Robin Zigmond: I can’t see any modern player not choosing 2 D as the first bid, so the choice lies in the second. Tempting as it is to wimp out and pass, I’ll take a view — and no doubt get dirty looks from partner when he ends up playing 4 C.

Scott Stearns: The modern style — or at least my modern style.

Comments for F. 2 D then 3 S

David Leavitt: My distribution makes up for the lack of high cards, and partner is marked with some values from the opponents’ bidding, so a positive move is indicated. Bidding both suits seems most [descriptive] and avoids [inviting] partner to bid clubs.

Joshua Donn: I refuse to double first in an attempt to miss an 11-card diamond fit, and introducing spades later shouldn’t be tough after overcalling. I won’t double the second time, because I have no clue what to lead if partner passes, or what to do if he bids 4 C, other than hope he isn’t 3=3=2=5. This suggests 4-6 since I didn’t use Michaels last time.

Brad Theurer: … With a reasonable six-card suit, I’ll bid it, intending to bid spades later. My hand is decent, though my suits need help.

Mike Cassel: I would have used Michaels with longer spades.

Damo Nair: … This has to show 4-6, since I would double with [most] 4-5 shapes.

Winston Munn: I like bidding my suits; then if partner does bid clubs, I know they are real.

Lothar Kuijper: I don’t know, but this is my style and it sometimes works. :)

Leonard Helfgott: At these colors, I can afford to fully describe my hand.

Jim Munday: Difficult problem; close to an initial double, but not quite strong enough, so I’ll just bid my suit. …Offensively, I need very little for game, so I will bid again. Double feels more like 3=1=6=3, and probably more high cards…

Sheng Li: I have no answer if I double and partner bids 2 C. At this vulnerability, and considering the heart shortness, the hand is worth another bid.

Cres Cole: Showing both of my suits in the right order…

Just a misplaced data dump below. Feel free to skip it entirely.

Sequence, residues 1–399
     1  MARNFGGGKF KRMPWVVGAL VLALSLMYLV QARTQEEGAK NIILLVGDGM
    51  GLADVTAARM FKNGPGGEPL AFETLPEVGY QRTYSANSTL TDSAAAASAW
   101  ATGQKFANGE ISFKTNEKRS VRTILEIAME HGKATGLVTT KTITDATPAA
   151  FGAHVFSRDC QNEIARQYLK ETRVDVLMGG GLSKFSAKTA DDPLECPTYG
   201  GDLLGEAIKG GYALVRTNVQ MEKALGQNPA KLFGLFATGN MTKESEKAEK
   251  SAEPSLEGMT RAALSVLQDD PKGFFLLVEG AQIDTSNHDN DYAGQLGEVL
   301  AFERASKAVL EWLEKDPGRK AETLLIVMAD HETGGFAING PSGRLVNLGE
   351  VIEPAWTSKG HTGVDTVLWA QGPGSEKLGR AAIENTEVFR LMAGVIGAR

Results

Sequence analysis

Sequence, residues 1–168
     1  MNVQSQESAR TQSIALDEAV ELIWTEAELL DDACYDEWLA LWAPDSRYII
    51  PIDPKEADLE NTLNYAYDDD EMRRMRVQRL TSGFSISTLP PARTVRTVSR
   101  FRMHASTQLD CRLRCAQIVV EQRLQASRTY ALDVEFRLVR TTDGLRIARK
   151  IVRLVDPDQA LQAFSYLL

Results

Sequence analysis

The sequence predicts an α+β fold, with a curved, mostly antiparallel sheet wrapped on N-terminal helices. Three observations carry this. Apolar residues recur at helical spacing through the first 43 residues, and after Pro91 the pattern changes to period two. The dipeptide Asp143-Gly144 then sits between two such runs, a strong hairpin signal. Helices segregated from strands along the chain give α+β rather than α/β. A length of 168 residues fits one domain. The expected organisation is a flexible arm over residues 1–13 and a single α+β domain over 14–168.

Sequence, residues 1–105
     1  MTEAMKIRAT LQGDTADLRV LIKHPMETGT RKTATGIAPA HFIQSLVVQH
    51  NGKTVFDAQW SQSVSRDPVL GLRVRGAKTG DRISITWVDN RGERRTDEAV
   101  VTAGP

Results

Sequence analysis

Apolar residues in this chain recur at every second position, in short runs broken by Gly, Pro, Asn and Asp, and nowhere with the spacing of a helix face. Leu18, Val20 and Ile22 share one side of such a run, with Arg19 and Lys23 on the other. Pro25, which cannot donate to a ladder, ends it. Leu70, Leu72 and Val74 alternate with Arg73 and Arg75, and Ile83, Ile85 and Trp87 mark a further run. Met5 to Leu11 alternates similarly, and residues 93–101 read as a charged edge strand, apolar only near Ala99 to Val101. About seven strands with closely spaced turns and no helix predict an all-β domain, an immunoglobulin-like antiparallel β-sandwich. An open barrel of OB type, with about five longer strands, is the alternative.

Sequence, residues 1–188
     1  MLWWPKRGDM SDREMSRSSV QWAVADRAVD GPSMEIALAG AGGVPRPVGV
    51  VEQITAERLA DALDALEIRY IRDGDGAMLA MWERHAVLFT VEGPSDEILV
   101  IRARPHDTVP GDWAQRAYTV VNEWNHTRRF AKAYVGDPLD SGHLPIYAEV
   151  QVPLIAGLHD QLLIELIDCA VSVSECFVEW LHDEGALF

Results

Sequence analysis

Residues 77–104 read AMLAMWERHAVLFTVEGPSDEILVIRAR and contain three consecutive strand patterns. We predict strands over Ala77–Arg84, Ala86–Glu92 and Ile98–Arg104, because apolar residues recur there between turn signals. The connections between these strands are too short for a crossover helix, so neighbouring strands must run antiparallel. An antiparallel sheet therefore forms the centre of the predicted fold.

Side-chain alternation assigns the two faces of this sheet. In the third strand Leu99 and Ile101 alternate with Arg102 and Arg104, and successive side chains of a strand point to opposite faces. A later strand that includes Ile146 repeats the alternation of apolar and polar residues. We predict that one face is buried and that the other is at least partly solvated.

David Caprera: … I don’t want to defend 3 H, and double may lead to minus 730 too frequently.

Pietro Campanile: If one must overbid, one might as well make sure to play the contract!

Carsten Kofoed: Too weak for either a primary double or a second-round double — high-risk projects with [doubtful] defensive potential. I will not yet give up the game chance, and opponents’ bidding gives me hope for [partner] to have some values; but will they be useful to my hand?

John Lusky: East’s bidding seems to invite aggression on my part, and I am happy to oblige with these cards.

Josh Sinnett: Since equal-level conversion doesn’t apply, I must bid 2 D first (double followed by 2 D over 2 C is a big overbid). Bidding spades next is obvious; game is likely opposite ace-fifth in spades…

Vic Sartor: I was hoping to be able to bid 2 S at my second turn, but I’m willing to risk 3 S nonvulnerable.

Mauri Saastamoinen: Didn’t we have this theme last month? Who is now “The Man Who Bid Too Much?” I hope it isn’t me.

Bill Cubley: … This looks like a hand for bidding suits, showing 4-6…

Daniel de Lind van Wijngaarden: My singleton heart and playing strength persuade me to bid on. This is a slight overbid but the best description, as I would usually double first with 4-5 shape. After 2 D, a double will often not have four spades. Doubling first may bury the diamond suit. …

Rinus Balkenende: I may be a little bit light for this action, but letting East play 3 H is [timid].

Imre Csiszar: At this vulnerability, I can afford to bid out my distribution. Vulnerable, I’d prefer Choice A.

Lajos Linczmayer: An original double would be better if West bids 4 H and partner has five spades, but I prefer to describe my hand naturally. … If partner has the right cards, e.g., S A-Q-x H x-x-x D Q-x C x-x-x-x-x, or S Q-x-x H A-x-x D Q-x C x-x-x-x-x, or S Q-x-x-x-x H A-x-x D x-x C x-x-x, we will reach a decent game.

John Reardon: If I act again, I don’t want to offer partner the chance to defend.

Barry Rigal: I hate an original double [on these hands]; I bid my long suit and take it from there. Close between double and 3 S on the second round; the fourth spade tips me.

Justin Lall: Definitely 2 D first; bidding the long suit is always a good idea with 6-4. I’m not selling out, as game could be on very easily; and I choose 3 S…so partner knows about my shape… A second-round double is [more often] 3=1=6=3…

David Harari: Let’s keep it simple!

Sebastien Louveaux: Doubling first to hear partner bid clubs is out of the question. I have two natural bids available, and enough strength to make them.

Matthew Mason: Sitting over opener with these tenaces makes my hand stronger that it appears.